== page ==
3) Nature may not provide for our needs
Thirdly, when we replace a designer god with impersonal forces of nature, we have no reason for confidence that nature will continue to provide for our needs. Perhaps we are all about to be destroyed by another ice age or a meteor hitting us. To be confident that we are not all going to be destroyed next week, we’d have to know all the laws of nature – and we’re nowhere near achieving that.
In the twentieth century, the two world wars changed the mood. People became increasingly sceptical of progress. Some atheist intellectuals have swung to the opposite extreme, from inevitable progress to impossible progress.
An example is John Gray’s best-selling book Straw Dogs. Gray tells us that the very idea of history having any meaning is an error introduced by Christianity:
Neither in the ancient pagan world nor in any other culture has human history ever been thought to have an overarching significance. In Greece and Rome, it was a series of natural cycles of growth and decline. In India, it was a collective dream, endlessly repeated. The idea that history must make sense is just a Christian prejudice.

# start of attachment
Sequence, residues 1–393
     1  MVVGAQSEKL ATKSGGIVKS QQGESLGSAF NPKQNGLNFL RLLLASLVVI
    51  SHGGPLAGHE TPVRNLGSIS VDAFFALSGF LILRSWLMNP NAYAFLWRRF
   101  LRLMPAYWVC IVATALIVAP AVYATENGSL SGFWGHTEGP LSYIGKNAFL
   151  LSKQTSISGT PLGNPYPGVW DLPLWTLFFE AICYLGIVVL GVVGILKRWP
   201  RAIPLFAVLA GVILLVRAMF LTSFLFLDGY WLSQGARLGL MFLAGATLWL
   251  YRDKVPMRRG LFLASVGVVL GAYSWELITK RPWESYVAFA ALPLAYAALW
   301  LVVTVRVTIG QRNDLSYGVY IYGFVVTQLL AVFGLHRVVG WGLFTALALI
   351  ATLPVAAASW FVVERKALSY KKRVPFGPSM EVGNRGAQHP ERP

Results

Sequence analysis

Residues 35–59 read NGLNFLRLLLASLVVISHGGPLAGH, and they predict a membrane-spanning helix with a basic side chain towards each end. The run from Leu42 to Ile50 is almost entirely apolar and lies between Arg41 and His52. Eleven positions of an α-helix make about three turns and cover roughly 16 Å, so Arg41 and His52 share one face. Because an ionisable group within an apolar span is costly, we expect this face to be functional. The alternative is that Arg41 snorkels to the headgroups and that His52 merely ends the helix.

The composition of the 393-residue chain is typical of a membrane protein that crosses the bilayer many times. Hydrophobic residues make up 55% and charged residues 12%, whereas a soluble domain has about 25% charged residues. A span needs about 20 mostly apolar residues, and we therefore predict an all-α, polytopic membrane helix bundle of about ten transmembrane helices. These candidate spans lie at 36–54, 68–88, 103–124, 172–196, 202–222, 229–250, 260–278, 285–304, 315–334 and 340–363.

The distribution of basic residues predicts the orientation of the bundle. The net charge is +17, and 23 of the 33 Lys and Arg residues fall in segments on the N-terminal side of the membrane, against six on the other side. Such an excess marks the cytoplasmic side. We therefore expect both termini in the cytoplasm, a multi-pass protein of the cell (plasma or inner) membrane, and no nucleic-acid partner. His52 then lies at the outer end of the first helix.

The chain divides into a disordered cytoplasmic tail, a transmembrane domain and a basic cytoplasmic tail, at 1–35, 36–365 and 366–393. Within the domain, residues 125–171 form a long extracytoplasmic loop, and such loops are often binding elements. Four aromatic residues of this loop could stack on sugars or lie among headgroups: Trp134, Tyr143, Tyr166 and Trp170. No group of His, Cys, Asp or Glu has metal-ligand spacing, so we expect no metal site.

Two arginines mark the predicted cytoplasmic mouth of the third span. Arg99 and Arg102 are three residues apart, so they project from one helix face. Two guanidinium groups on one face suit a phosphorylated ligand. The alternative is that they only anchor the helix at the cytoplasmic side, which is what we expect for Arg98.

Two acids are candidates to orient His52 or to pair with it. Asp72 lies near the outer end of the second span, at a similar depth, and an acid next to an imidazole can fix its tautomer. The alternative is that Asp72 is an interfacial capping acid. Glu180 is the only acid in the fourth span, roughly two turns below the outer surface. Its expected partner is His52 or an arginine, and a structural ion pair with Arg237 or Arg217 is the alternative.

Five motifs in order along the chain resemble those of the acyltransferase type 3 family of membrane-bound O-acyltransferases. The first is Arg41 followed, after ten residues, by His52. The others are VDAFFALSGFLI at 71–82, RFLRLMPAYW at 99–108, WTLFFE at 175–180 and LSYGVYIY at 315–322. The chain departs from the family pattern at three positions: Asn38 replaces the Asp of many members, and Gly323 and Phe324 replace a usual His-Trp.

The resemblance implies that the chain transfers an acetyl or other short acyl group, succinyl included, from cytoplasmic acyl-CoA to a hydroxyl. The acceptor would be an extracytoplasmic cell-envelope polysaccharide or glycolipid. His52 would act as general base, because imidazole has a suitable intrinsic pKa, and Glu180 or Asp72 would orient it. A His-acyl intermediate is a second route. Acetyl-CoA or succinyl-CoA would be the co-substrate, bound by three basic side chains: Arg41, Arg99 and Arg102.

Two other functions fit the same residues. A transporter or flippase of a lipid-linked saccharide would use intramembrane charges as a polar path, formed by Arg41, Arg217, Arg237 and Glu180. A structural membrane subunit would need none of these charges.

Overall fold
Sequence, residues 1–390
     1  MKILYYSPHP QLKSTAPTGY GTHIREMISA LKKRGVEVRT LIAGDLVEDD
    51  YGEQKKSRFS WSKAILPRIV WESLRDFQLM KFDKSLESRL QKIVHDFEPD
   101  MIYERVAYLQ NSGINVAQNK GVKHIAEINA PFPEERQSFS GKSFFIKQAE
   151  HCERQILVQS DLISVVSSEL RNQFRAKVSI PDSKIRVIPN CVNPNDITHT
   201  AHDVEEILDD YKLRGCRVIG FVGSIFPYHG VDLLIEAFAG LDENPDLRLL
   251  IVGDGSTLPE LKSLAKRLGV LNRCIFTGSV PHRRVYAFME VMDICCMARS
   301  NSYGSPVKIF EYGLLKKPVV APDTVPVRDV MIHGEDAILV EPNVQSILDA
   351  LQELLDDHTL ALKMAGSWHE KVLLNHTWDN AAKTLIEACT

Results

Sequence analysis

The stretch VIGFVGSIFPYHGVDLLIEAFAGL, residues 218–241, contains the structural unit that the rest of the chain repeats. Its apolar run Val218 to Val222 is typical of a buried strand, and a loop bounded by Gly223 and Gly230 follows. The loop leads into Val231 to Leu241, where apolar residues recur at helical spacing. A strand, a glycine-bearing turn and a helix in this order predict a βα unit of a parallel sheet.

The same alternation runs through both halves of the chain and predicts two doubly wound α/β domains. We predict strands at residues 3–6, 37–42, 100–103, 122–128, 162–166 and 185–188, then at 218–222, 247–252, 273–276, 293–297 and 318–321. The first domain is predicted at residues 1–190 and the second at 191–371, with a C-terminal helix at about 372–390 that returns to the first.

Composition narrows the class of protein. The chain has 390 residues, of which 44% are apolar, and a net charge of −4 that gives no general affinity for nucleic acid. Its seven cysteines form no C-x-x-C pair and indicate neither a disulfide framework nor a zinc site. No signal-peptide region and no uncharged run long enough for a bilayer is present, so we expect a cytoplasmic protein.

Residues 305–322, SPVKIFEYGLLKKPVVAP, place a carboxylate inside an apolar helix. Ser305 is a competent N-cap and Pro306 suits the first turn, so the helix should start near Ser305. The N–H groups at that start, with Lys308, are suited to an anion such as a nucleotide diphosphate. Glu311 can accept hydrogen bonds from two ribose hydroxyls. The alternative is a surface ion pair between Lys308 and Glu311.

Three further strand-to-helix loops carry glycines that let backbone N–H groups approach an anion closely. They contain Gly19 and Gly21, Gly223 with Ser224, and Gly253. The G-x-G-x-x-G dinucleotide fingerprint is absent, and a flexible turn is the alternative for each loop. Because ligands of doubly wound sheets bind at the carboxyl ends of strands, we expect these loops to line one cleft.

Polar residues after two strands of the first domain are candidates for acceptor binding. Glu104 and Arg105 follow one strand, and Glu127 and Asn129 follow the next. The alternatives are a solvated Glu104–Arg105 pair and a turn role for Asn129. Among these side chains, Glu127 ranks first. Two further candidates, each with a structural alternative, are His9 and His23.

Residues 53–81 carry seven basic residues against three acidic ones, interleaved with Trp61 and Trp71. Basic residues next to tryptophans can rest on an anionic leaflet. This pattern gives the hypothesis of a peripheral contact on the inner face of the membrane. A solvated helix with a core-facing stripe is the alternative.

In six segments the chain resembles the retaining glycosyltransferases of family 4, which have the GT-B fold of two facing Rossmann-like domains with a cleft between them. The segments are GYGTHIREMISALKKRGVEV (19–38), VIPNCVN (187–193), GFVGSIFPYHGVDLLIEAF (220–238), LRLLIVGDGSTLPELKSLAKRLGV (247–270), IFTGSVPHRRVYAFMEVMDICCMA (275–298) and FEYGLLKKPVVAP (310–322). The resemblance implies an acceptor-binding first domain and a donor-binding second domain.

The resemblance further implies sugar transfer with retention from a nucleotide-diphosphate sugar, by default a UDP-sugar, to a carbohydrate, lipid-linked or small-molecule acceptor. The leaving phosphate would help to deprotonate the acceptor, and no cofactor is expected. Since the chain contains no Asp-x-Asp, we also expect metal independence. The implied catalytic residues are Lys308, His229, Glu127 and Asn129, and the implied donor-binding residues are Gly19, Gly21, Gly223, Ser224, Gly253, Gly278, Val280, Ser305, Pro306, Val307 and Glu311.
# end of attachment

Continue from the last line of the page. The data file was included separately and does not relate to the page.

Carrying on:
To the assumption that we can only live well if we have the power to remake the world – the classic nineteenth century expectation for progress – Gray replies:
Yet most humans who have ever lived have not believed this—and a great many have had happy lives. The question assumes the aim of life is action; but this is a modern heresy. For Plato contemplation was the highest form of human activity. A similar view existed in ancient India. The aim of life was not to change the world. It was to see it rightly… At the start of the twenty-first century the world is strewn with the grandiose ruins of failed utopias.